Suppose I take my friend’s car to a mechanic. The engine light is on and I ask the mechanic to take a look at it. I know next to nothing about cars and neither does my friend. Two hours later the mechanic calls me back with a very technical description of what is wrong, along with the cost of fixing the problem. The problem seems convoluted to me and I don’t have a much of a personal stake in it. What I will likely do is use the peripheral brain route. What this means is I will move from using my own mind, to go to another source. I will contact other car mechanics, get a second opinion and find out what they would charge to fix it. There is nothing wrong with using the peripheral brain route under these conditions.However, there are five other conditions under which people will use the peripheral brain-route that are counterproductive, and these conditions are what propagandists and entertainers will promote to get people to by-pass the central brain route. They are:
- If there is time pressure (in sales, “time is running out”)
- Volume scarcity (in sales, “get the commodity now, while they last”)
- Sensory overload (as described in my casino example earlier)
- Emotional appeal is superficial (titillation, sentimentality, infantile fantasies)
- If the person is fatigued
The job of the propagandist and the entertainer is to create the five conditions above that will increase the chances of using the peripheral brain route rather than the central brain route where critical thinking takes place. The ultimate hope of the brainwasher is to restructure the brain itself by using drugs and sleep deprivation. If they cannot do that, they will also hope to keep the victim using the peripheral brain route constantly. Rhetoric at its best, as well as dialectic, will strive to build the self-confidence of the audience or the student so that they always use the central brain route as much as possible.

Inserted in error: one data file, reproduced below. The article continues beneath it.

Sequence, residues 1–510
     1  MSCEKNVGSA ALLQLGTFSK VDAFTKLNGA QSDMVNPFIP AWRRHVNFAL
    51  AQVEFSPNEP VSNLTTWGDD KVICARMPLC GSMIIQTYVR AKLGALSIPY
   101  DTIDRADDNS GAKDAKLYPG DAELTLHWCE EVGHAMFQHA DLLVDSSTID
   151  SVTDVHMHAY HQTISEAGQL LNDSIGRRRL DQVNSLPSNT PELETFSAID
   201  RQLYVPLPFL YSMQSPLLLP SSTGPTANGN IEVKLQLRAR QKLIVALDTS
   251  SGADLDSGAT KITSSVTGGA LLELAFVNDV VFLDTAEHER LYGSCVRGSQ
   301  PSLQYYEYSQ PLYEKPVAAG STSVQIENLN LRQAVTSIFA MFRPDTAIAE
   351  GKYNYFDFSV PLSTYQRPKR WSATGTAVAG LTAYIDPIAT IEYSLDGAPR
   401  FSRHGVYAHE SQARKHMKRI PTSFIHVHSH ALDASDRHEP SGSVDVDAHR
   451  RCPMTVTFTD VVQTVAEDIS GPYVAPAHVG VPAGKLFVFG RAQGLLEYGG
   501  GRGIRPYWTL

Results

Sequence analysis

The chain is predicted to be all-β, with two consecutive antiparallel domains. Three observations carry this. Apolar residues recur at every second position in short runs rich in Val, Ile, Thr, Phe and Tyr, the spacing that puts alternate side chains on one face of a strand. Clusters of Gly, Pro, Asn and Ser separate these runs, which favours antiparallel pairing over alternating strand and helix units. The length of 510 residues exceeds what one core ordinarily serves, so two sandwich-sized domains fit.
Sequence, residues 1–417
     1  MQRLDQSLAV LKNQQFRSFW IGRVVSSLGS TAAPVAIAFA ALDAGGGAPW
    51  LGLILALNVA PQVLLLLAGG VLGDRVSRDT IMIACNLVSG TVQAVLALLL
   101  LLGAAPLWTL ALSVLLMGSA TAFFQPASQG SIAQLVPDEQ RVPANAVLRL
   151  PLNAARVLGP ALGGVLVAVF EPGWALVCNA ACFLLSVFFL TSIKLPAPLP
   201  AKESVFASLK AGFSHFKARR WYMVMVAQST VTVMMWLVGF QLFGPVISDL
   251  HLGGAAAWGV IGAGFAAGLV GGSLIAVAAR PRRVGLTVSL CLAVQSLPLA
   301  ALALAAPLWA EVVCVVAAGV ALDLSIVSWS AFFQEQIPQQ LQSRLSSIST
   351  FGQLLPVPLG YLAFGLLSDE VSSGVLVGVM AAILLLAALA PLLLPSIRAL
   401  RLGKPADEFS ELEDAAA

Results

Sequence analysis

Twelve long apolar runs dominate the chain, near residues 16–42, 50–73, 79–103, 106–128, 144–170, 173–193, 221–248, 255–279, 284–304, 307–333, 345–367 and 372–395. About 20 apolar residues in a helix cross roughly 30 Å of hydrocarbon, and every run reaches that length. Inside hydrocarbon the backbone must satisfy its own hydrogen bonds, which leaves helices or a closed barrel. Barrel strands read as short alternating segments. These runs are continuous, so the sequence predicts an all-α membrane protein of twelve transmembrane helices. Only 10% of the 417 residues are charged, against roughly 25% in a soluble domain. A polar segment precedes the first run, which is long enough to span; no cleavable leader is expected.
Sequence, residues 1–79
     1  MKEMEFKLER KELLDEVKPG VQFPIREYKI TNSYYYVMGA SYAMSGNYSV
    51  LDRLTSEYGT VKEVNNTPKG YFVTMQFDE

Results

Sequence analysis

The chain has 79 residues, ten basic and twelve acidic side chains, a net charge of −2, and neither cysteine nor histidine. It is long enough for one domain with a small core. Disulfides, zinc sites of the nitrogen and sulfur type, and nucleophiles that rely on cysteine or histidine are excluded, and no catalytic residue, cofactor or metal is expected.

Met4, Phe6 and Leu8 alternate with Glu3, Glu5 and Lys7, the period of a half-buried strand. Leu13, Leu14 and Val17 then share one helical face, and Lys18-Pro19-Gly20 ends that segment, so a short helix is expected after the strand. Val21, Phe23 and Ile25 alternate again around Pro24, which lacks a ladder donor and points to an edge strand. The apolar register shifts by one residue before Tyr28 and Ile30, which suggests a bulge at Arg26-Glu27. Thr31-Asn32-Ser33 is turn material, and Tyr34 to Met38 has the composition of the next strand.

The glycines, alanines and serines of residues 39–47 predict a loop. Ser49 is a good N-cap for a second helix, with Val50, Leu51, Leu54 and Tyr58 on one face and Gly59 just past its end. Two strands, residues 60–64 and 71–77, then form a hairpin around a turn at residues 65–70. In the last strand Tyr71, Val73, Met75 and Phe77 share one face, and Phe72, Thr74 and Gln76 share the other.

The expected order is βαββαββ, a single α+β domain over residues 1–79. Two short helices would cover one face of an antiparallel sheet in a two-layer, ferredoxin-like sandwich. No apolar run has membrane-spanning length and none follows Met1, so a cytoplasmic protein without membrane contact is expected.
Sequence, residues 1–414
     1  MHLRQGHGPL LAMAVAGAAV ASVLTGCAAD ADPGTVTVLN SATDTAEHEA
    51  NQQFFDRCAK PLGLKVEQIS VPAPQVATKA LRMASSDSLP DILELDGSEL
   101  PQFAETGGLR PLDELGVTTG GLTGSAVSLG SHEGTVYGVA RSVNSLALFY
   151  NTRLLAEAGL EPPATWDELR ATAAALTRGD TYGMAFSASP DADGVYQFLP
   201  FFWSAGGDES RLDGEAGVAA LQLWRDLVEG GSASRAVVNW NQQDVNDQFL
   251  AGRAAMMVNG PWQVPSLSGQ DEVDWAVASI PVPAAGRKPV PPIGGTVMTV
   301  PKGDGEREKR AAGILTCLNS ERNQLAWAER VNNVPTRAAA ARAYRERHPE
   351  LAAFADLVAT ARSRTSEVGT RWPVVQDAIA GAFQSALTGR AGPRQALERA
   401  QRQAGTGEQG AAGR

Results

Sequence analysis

All forms of information control are either directly or indirectly connected to liberal conservative, socialist or fascist ideology and some of them also contain mythology. If we look at the practice of ideology, political attempts to brainwash are mostly related to fighting communism. Brainwashing experiments in prison, including experiments with LSD, were connected to the conservative belief that blacks were inferior so using them as guinea pigs was acceptable. Political propaganda is used by all four political tendencies to start and sustain wars, to influence voting or overthrow regimes.
Neither mass nor public entertainment have a political ideology to support them, but both forms of entertainment have mythologies designed to sweep people away. For example, the Lord of the Rings stories and characters, Harry Potter and Star Wars not only sweeps people away during the movie, but they set up future episodes with suspenseful endings. In public entertainment we have sports teams with stirring stories played out in pennant races stretching the drama out over seven months. Sports figures of the past and present are treated as modern day gods and goddesses by their fans.
Rhetoric is clearly identified with the liberal ideology of truth being found from debating different points of view, where controversies are the norm, and no single authority has all the answers. Rhetoric is a monologue where the speaker, at least initially, argues two or three points of view before determining their effect on the audience. The Sophists and Aristotle represented this rhetorical tradition while Plato stood for the conservative authority who does have all the answers.